Friday, November 19, 2010

Friday photo

Old Faithful Inn Anniversary. Yellowstone National Park, May 2004.

In 2004, Yellowstone celebrated the 100th anniversary of the Old Faithful Inn, an originally quaint, now Byzantine wooden hotel that sits exactly one eighth of a mile from Old Faithful Geyser. Begun in the summer of 1903, construction was finished in time for the Inn to open the following season and it has been one of the most famous buildings in the West ever since.

That precise distance from Old Faithful Geyser is no accident. It was as close to the geyser as they could legally build. However, one notable, if often overlooked, feature of the Inn is that it is aligned to direct visitors' attention away from the geyser and toward the rest of the geyser basin. If you stand outside the front door, or lounge on the observation deck above the porte-cochere, you have to make a 90 degree turn to the right in order to look at the geyser. Looking straight out presents you instead with an invitation to discover the rest of the amazing Upper Geyser Basin, full of wonders such as Castle Geyser, Grand Geyser, Morning Glory Pool, and -- not the best, but my favorite name -- Spasmodic Geyser. If you come to the Inn and don't discover there's more to Old Faithful than Old Faithful Geyser, it's your own danged fault.

Unfortunately, the two huge wings added to either side in 1913 and 1928 spoiled the balanced appearance that the Inn originally presented (as well as blocking the view of Old Faithful from the dining room). Besides sprawling like overturned tractor-trailers off both ends of the "Old House," they abandoned the log construction of the original, as well as the A-frame roofs.*

However, the interior is still a delight. What I like in this photo is the number of distinctive Inn features I was able to gather into a single image. The distinctive wooden supports, both in full view on the opposite side, and close up so as to show the beetle scorings that create the most incredibly artistic-yet-natural effect; the US flag hanging over the lobby; the old electric lights; and, for the anniversary season, the large banner suspended from the ceiling and one of the smaller banners hung from the balcony. I rather regret the speaker in the lower right corner, as well as the light coming in from the dining room, but otherwise I enjoy the harmonious composition. This is one of those photographs where I spent a good twenty minutes fussing because the tripod was six inches too far to the left, or had raised the camera four inches too high.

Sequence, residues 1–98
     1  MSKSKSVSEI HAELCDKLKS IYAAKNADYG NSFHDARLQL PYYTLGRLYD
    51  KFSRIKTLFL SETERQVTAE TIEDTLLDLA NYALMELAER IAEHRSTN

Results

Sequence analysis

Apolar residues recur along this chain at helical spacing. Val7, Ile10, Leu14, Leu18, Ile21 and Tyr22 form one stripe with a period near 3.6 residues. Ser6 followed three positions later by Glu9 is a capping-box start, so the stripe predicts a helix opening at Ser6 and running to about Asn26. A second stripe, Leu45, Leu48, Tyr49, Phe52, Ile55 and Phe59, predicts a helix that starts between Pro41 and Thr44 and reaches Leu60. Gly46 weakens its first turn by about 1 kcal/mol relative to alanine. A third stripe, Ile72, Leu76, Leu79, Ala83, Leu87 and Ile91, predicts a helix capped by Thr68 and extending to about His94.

The immense open space in the Inn lobby has been known to scare the hell out of modern structural engineers who venture into the building. The supports in the upper reaches look, shall we say, spindly, and they all seem to run mainly lengthwise, implying that the seven-story roof has no cross support. Apparently, that support exists elsewhere and the building is safer than it looks, and considering that it has stood for over a hundred years in a seismically-active region, and, survived the 7.4 Hebgen Earthquake, it would have to be.** Nonetheless, the recent renovation project has addressed some of the structural concerns, as well as making many aesthetic alterations. I left Yellowstone just as they were beginning and haven't been back in the meantime, but you can learn about them here.

Further reading:
Quinn, Ruth. Weaver of Dreams: The Life and Architecture of Robert C. Reamer.
Reinhart, Karen Wildung, and Jeff Henry. Old Faithful Inn: Crown Jewel of National Park Lodges.

* The flatter roofs are much friendlier to the winterkeeper who has to go up remove the snow that the high-pitch roof is supposed to shed, but doesn't always. In the film version of The Shining, we're told that a winterkeeper has nothing to do but putter around and keep the heat running; the truth is, there can be some hard work involved.

**I have heard it claimed, albeit not directly from an expert, that this was mainly because of the luck that the ground wave was traveling from northwest to southeast; had it come from another direction, the Inn would probably have collapsed.

1 comment:

James Hanley said...

Re: the direction of seismic waves. I can't vouch for the specific case, but the general statement is certainly true. In the '94 Northridge quake, we had furniture on certain walls stay put, while that on walls that were turned 90 degrees to those had furniture that walked a good foot away from the wall. And in the grocery store my wife worked in, there was wholesale devastation of shelving, except for the liquor aisles, which were fortuitously turned at about a 45 degree angle from the rest of the shelves.